In this issue

Jonathan Tobin: Defending the Right to a Jewish State

Heather Hale: Compliment your kids without giving them big heads

Megan Shauri: 10 ways you are ruining your own happiness

Carolyn Bigda: 8 Best Dividend Stocks for 2015

Kiplinger's Personal Finance editors: 7 Things You Didn't Know About Paying Off Student Loans

Samantha Olson: The Crucial Mistake 55% Of Parents Are Making At Their Baby's Bedtime

Densie Well, Ph.D., R.D. Open your eyes to yellow vegetables

The Kosher Gourmet by Megan Gordon With its colorful cache of purples and oranges and reds, COLLARD GREEN SLAW is a marvelous mood booster --- not to mention just downright delish
April 18, 2014

Rabbi Yonason Goldson: Clarifying one of the greatest philosophical conundrums in theology

Caroline B. Glick: The disappearance of US will

Megan Wallgren: 10 things I've learned from my teenagers

Lizette Borreli: Green Tea Boosts Brain Power, May Help Treat Dementia

John Ericson: Trying hard to be 'positive' but never succeeding? Blame Your Brain

The Kosher Gourmet by Julie Rothman Almondy, flourless torta del re (Italian king's cake), has royal roots, is simple to make, . . . but devour it because it's simply delicious

April 14, 2014

Rabbi Dr Naftali Brawer: Passover frees us from the tyranny of time

Greg Crosby: Passing Over Religion

Eric Schulzke: First degree: How America really recovered from a murder epidemic

Georgia Lee: When love is not enough: Teaching your kids about the realities of adult relationships

Cameron Huddleston: Freebies for Your Lawn and Garden

Gordon Pape: How you can tell if your financial adviser is setting you up for potential ruin

Dana Dovey: Up to 500,000 people die each year from hepatitis C-related liver disease. New Treatment Has Over 90% Success Rate

Justin Caba: Eating Watermelon Can Help Control High Blood Pressure

The Kosher Gourmet by Joshua E. London and Lou Marmon Don't dare pass over these Pesach picks for Manischewitz!

April 11, 2014

Rabbi Hillel Goldberg: Silence is much more than golden

Caroline B. Glick: Forgetting freedom at Passover

Susan Swann: How to value a child for who he is, not just what he does

Cameron Huddleston: 7 Financial Tasks You Should Tackle Right Now

Sandra Block and Lisa Gerstner: How to Profit From Your Passion

Susan Scutti: A Simple Blood Test Might Soon Diagnose Cancer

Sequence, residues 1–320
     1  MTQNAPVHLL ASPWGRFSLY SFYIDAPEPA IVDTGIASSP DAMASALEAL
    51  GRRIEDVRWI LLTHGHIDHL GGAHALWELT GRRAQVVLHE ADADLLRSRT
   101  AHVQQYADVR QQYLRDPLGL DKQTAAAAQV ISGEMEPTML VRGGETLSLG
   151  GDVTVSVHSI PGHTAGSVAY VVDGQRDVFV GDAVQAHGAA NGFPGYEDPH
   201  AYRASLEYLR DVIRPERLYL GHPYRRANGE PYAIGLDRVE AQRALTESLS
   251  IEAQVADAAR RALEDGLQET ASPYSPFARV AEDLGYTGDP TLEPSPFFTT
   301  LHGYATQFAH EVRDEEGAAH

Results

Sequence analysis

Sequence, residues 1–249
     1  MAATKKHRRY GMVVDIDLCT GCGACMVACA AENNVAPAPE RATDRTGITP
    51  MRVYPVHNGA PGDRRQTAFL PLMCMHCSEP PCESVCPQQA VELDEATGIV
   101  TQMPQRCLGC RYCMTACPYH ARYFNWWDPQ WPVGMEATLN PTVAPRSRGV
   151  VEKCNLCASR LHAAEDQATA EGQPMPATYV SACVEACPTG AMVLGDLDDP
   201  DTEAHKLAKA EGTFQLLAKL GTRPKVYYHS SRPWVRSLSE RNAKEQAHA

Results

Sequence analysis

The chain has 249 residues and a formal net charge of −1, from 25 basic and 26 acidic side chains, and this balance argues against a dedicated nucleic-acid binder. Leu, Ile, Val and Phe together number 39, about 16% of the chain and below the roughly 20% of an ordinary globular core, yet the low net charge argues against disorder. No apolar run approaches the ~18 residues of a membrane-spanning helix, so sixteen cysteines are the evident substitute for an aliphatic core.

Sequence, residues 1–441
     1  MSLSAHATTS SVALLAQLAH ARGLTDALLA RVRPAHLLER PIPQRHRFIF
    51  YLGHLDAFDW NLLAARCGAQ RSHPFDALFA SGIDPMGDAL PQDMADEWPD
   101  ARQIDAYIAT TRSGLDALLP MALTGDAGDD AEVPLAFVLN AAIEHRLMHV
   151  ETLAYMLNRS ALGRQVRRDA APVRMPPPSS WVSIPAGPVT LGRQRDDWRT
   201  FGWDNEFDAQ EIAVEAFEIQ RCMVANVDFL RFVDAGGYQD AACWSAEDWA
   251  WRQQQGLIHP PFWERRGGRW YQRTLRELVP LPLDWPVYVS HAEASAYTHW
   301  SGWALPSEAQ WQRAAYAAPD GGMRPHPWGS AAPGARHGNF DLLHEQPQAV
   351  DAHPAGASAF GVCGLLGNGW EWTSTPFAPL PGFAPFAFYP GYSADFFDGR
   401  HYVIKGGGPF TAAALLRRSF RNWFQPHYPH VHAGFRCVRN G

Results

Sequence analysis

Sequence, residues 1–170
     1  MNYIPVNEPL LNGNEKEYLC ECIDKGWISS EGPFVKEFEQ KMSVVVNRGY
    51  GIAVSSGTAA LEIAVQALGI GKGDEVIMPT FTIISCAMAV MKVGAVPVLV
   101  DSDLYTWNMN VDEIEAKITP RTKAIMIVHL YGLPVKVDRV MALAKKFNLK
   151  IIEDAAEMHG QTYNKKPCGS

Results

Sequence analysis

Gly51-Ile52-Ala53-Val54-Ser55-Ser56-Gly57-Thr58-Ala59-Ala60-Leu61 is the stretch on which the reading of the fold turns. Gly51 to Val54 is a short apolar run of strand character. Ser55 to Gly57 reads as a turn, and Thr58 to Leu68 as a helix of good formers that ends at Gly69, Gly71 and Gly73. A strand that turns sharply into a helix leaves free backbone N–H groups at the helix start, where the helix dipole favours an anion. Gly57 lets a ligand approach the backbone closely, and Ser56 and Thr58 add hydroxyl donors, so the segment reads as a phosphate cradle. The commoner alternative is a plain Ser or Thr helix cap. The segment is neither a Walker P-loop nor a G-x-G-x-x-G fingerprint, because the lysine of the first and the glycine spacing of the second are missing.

Chris Weller: Have A Slow Metabolism? Let Science Speed It Up For You

The Kosher Gourmet by Diane Rossen Worthington Whitefish Terrine: A French take on gefilte fish

April 9, 2014

Jonathan Tobin: Why Did Kerry Lie About Israeli Blame?

Samuel G. Freedman: A resolution 70 years later for a father's unsettling legacy of ashes from Dachau

Jessica Ivins: A resolution 70 years later for a father's unsettling legacy of ashes from Dachau

Kim Giles: Asking for help is not weakness

Kathy Kristof and Barbara Hoch Marcus: 7 Great Growth Israeli Stocks

Matthew Mientka: How Beans, Peas, And Chickpeas Cleanse Bad Cholesterol and Lowers Risk of Heart Disease

Sabrina Bachai: 5 At-Home Treatments For Headaches

The Kosher Gourmet by Daniel Neman Have yourself a matzo ball: The secrets bubby never told you and recipes she could have never imagined

April 8, 2014

Lori Nawyn: At Your Wit's End and Back: Finding Peace

Susan B. Garland and Rachel L. Sheedy: Strategies Married Couples Can Use to Boost Benefits

David Muhlbaum: Smart Tax Deductions Non-Itemizers Can Claim

Jill Weisenberger, M.S., R.D.N., C.D.E : Before You Lose Your Mental Edge

Dana Dovey: Coffee Drinkers Rejoice! Your Cup Of Joe Can Prevent Death From Liver Disease

Chris Weller: Electric 'Thinking Cap' Puts Your Brain Power Into High Gear

The Kosher Gourmet by Marlene Parrish A gift of hazelnuts keeps giving --- for a variety of nutty recipes: Entree, side, soup, dessert

April 4, 2014

Rabbi David Gutterman: The Word for Nothing Means Everything

Charles Krauthammer: Kerry's folly, Chapter 3

Amy Peterson: A life of love: How to build lasting relationships with your children

John Ericson: Older Women: Save Your Heart, Prevent Stroke Don't Drink Diet

John Ericson: Why 50 million Americans will still have spring allergies after taking meds

Cameron Huddleston: Best and Worst Buys of April 2014

Stacy Rapacon: Great Mutual Funds for Young Investors

Sarah Boesveld: Teacher keeps promise to mail thousands of former students letters written by their past selves

The Kosher Gourmet by Sharon Thompson Anyone can make a salad, you say. But can they make a great salad? (SECRETS, TESTED TECHNIQUES + 4 RECIPES, INCLUDING DRESSINGS)

April 2, 2014

Paul Greenberg: Death and joy in the spring

Dan Barry: Should South Carolina Jews be forced to maintain this chimney built by Germans serving the Nazis?

Mayra Bitsko: Save me! An alien took over my child's personality

Frank Clayton: Get happy: 20 scientifically proven happiness activities

Susan Scutti: It's Genetic! Obesity and the 'Carb Breakdown' Gene

Lecia Bushak: Why Hand Sanitizer May Actually Harm Your Health

Stacy Rapacon: Great Funds You Can Own for $500 or Less

Cameron Huddleston: 7 Ways to Save on Home Decor

The Kosher Gourmet by Steve Petusevsky Exploring ingredients as edible-stuffed containers (TWO RECIPES + TIPS & TECHINQUES)

Jewish World Review May 26, 2011 / 22 Iyar, 5771

Newt Gingrich vs. Mitt Romney --- Will the Republican Please Stand Up?

By Larry Elder

http://www.JewishWorldReview.com | Newt Gingrich and Mitt Romney make me think of Dorothy Jones.